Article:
AbolishTheDEA.com September 11, 2020

How Logic-Challenged Journalists Support the Drug War

by Ballard Quass



 - from AbolishTheDEA.com


When Leah Betts died after ingesting a single Ecstasy tablet in 1995, the media trumpeted the triumphant news (from a Drug Warrior perspective at least) that an actual death had finally been attributed to E. At last! You could almost hear a sigh of relief from Drug Warriors around the world: now they could finally plausibly call for a crack down on a drug that so far had caused nothing but peace, love and understanding on the rave dance floor. The fact that aspirin causes 3,000 deaths a year in the UK was never mentioned, of course. Nor the fact that safe guidelines for Ecstasy use were discouraged because of prohibition which limited researchers' ability to even develop such guidelines. But that's no problem for the modern Drug Warrior. During a Drug War, it only takes one death to torpedo a drug's reputation thanks to the childish logic employed by the Drug Warrior and Drug Warriors were never going to let the world forget this one glaring exception to the rule when it came to Ecstasy use.

But to say that E killed Leah was like saying that a bicycle killed the victim of a bike accident. It misses the point entirely. It turns the drug ecstasy into a scapegoat and boogieman, thereby allowing logic-challenged Drug Warriors to ignore the real cause of Leah's death: namely, the above-mentioned fact that proper safe use guidelines could not be developed for the drug thanks to the Drug War itself.

How does the media get away with this biased drug-related coverage, with this failure to put deaths like Leah's into some kind of sane perspective, pharmacologically speaking? They get away with it because their drug-related articles are informed by the drug-warrior belief that illegal psychoactive substances can only be used for getting "high" in the most frivolous and irresponsible sense of that word, that there is no sensible reason for using such substances. "Drugs like E have no sane use," they believe, "therefore even one death from using them is one too many."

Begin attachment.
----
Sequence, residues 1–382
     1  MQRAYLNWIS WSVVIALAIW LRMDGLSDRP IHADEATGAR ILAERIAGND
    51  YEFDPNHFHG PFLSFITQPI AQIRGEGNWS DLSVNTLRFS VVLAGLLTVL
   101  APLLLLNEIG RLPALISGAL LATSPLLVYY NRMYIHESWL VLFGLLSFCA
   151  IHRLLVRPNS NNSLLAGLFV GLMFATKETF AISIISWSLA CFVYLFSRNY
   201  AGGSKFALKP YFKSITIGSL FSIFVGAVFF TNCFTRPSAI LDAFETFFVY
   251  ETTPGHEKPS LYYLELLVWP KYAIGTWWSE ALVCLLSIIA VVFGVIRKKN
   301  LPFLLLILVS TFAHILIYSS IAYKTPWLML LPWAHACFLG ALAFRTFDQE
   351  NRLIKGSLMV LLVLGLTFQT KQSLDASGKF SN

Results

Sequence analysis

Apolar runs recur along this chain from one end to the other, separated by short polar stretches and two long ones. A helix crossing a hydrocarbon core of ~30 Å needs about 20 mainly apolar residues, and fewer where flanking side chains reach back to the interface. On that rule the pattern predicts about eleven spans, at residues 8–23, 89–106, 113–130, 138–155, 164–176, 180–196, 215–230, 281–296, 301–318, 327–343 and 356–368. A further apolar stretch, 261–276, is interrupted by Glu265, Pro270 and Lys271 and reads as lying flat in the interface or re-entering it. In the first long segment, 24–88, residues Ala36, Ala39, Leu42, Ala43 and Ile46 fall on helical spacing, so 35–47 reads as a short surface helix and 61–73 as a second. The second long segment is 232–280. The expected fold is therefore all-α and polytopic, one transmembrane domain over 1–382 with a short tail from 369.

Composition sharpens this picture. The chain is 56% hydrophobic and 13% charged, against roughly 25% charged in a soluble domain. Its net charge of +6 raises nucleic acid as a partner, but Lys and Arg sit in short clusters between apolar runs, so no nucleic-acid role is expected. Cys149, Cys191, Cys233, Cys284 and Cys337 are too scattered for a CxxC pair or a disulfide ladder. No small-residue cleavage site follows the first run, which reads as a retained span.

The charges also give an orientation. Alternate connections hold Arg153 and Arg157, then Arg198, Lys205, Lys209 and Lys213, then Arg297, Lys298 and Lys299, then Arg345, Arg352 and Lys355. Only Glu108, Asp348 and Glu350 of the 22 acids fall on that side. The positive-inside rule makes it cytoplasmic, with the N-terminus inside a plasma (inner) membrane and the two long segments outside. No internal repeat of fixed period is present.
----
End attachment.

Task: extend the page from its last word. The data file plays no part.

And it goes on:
But their premise is false, both psychologically and historically speaking. Historically speaking, entheogenic drugs like E have been the inspiration for founding entire religions (as the Vedic religion was inspired by soma). From a psychological viewpoint, such substances, at a bare minimum, give the user a break from reality, which is precisely the therapeutic benefit that the punter seeks in hitting up the local pub. Meanwhile, the use of Ecstasy by a group conduces to harmonious crowds full of dancers who actually care for each other in spite of racial and ethnic differences, whereas the collective guzzling of beer often leads to violent brawls and the surfacing of vestigial racism in the inebriates.

No sane use for E? Um, hello? It brings about peace, love and understanding. Isn't that good enough for you?

Unfortunately, the answer is no. Drug warriors are not interested in peace, love and understanding any more than they are interested in allowing the kind of research that could have resulted in guidelines that would have prevented Leah's death in the first place. The Drug Warrior is all about demonizing substances in a way that no cultures have ever done before (before the Harrison Narcotics Act of 1914 first effectively outlawed a plant in violation of the natural law upon which Jefferson founded America), and if they have to ignore reality to do that, so be it.